They will have to do so. What we are claiming is that the timing and the intensity of the austerity programs have been dictated too much by market sentiments of fear and panic instead of being the outcome of rational decision-making processes. Panic driven austerity: Financial markets did not signal northern countries to stimulate their economies Financial markets did not signal northern countries to stimulate their economies, thus introducing a deflationary bias that lead to the doubledip recession. The desirable budgetary stance for the Eurozone as whole consists in the south pursuing austerity, albeit spread over a longer period of time, while the north engages in some fiscal stimulus so as to counter the deflationary forces originating from the south. The northern countries have the capacity to do so. Most of them have

now stabilised their debt-to-GDP ratios. As a result, they can allow a budget deficit and still keep their ratio constant. Germany in particular could have a budget deficit of close to 3%, which would keep its debt-to-GDP ratio constant. Given the size of Germany, this would allow for a significant stimulus for the Eurozone as a whole. Panic driven austerity: Financial markets did not signal northern countries to stimulate their economies/2 The intense austerity programs that have been dictated by financial markets create new risks for the Eurozone. While the ECB 2012 decision to be a lender of last resort in the government bond markets eliminated the existential fears about the future of the Eurozone, the new risks for the future of the Eurozone now have shifted into the social and political sphere. As it becomes obvious that the austerity programs produce unnecessary sufferings especially for the millions of people who have been thrown into unemployment and poverty,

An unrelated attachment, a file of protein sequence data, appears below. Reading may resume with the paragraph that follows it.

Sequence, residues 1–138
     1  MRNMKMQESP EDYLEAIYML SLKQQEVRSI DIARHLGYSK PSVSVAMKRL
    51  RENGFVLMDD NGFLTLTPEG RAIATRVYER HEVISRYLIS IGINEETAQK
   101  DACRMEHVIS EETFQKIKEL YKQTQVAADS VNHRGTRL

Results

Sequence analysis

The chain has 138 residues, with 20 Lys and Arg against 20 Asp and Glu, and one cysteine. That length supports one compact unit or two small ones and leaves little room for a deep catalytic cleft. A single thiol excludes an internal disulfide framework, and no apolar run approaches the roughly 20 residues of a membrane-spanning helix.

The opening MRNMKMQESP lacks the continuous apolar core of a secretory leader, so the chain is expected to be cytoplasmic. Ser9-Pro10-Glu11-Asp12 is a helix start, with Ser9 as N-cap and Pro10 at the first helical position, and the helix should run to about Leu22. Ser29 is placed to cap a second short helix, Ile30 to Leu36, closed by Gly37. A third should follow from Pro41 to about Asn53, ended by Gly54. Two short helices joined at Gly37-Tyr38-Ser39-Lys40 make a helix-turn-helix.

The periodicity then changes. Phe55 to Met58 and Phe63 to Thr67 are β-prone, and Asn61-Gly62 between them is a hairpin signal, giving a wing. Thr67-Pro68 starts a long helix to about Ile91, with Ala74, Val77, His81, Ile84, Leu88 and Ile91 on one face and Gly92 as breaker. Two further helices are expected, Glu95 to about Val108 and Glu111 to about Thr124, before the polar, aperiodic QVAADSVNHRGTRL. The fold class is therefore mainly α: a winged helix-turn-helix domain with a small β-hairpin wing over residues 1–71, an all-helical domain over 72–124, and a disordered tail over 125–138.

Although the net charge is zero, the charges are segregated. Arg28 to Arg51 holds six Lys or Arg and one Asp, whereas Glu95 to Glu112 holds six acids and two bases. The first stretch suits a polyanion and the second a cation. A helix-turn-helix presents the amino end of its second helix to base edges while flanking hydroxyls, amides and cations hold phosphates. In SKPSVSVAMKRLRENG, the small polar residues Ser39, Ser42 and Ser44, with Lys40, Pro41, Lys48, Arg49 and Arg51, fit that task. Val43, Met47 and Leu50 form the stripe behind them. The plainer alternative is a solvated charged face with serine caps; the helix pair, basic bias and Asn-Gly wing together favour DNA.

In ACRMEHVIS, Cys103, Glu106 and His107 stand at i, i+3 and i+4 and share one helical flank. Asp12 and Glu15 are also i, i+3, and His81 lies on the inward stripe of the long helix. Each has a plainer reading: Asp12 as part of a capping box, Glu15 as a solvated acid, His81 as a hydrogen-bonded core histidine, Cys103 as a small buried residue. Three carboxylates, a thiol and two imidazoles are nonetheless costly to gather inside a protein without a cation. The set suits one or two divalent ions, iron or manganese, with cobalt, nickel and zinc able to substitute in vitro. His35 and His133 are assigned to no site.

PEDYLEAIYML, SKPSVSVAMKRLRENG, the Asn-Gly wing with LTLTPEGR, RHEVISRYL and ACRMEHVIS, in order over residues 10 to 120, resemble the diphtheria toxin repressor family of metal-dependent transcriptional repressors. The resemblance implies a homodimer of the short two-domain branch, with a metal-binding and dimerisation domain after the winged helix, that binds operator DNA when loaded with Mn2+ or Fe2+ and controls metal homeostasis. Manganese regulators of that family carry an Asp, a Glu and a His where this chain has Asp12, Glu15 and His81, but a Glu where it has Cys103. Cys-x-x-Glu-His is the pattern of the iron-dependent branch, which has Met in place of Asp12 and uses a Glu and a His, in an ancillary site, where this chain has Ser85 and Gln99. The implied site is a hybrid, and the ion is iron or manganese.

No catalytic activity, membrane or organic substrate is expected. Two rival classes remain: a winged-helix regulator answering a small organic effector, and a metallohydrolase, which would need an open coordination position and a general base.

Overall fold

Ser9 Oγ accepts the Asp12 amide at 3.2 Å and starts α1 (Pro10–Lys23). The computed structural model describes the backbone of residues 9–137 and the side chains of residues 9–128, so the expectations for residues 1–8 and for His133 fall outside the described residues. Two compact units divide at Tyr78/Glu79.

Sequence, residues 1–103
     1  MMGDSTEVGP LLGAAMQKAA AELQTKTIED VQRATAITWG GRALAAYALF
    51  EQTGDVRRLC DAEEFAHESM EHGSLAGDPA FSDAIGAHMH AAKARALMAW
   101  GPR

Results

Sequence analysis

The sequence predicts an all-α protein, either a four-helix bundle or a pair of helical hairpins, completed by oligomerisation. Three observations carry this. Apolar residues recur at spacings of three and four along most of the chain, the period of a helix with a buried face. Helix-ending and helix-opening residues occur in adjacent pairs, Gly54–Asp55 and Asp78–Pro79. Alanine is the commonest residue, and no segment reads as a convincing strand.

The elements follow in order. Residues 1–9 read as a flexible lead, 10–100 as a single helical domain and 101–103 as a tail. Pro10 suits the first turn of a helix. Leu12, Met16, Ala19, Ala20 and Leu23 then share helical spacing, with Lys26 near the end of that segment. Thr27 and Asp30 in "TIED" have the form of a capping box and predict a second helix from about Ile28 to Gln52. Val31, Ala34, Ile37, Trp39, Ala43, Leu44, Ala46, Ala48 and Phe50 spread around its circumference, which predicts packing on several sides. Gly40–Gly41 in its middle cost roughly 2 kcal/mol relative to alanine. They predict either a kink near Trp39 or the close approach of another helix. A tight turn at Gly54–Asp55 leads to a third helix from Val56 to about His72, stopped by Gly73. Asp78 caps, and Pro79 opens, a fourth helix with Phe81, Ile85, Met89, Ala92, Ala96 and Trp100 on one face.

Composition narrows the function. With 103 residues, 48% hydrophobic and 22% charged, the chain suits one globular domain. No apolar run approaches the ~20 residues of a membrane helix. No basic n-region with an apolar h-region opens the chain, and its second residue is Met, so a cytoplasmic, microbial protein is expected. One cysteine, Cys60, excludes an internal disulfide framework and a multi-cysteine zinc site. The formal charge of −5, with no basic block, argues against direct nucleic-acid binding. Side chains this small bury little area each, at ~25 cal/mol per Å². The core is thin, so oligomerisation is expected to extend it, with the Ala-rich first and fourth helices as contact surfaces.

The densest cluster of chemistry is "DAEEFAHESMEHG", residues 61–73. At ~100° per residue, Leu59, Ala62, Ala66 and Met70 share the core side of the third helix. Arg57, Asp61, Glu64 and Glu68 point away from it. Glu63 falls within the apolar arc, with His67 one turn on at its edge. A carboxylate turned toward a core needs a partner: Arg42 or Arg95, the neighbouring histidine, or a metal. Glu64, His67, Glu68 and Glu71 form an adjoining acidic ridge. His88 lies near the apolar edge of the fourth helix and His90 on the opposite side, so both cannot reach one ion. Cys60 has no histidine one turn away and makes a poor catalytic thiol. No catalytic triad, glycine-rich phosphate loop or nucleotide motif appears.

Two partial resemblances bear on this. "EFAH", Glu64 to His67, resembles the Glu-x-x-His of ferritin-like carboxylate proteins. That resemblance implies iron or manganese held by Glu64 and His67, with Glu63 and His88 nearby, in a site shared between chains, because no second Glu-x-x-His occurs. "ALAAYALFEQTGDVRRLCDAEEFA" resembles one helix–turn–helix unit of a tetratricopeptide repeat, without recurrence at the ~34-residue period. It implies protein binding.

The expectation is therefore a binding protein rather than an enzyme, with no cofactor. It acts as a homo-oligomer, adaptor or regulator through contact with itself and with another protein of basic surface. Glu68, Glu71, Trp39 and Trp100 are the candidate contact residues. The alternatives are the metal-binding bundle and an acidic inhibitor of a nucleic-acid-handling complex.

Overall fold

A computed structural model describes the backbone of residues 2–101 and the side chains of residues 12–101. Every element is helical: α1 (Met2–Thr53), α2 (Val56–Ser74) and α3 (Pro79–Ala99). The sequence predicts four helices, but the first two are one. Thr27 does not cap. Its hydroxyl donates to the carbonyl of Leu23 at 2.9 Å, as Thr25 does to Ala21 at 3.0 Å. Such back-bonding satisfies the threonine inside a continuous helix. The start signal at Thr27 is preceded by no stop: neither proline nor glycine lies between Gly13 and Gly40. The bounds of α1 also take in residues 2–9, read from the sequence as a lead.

resistance against these programs is likely to increase. A resistance that may lead millions of people to wish to be liberated from what they perceive to be shackles imposed by the euro. Source : FUNCAS, SEFO, N 5 2013 Carlos San Juan Mesonada. Universidad Carlos III de Madrid 58 Exercises: explain the following graphs Carlos San Juan Mesonada. Universidad Carlos III de Madrid 59 Credit Default Swaps (CDS) Spread

2012 Source: FUNCAS, SEFO, 5 Carlos San Juan Mesonada. Universidad Carlos III de Madrid 60 Public opinions and elections in UK Exercise: See the videos in CEP Elections economics in the UK and critically comment Carlos San Juan Mesonada. Universidad Carlos III de Madrid 61

CEP Elections economics in the UK Austerity & Productivity in UK elections videos: 1. Austerity | John Van Reenen https://www.youtube.com/watch?v=ifv51GKGxmM&index=2&list=PLyYjq-iDxl32KwFjBqAqXHHb0LXG9MhZ 2. Productivity & Business | Anna Valero: https://www.youtube.com/watch?v=Rn25PjLynDk&list=PLyYjq-iDxl32KwFjBqAqXHHb0LXG9MhZ&index=7 3. Britain & Europe | Thomas Sampson:

https://www.youtube.com/watch?v=BFQ_gJRcOfw&index=8&list=PLyYjq-iDxl32KwFjBqAqXHHb0LXG9MhZ Carlos San Juan Mesonada. Universidad Carlos III de Madrid 62 Public opinion Carlos San Juan Mesonada. Universidad Carlos III de Madrid 63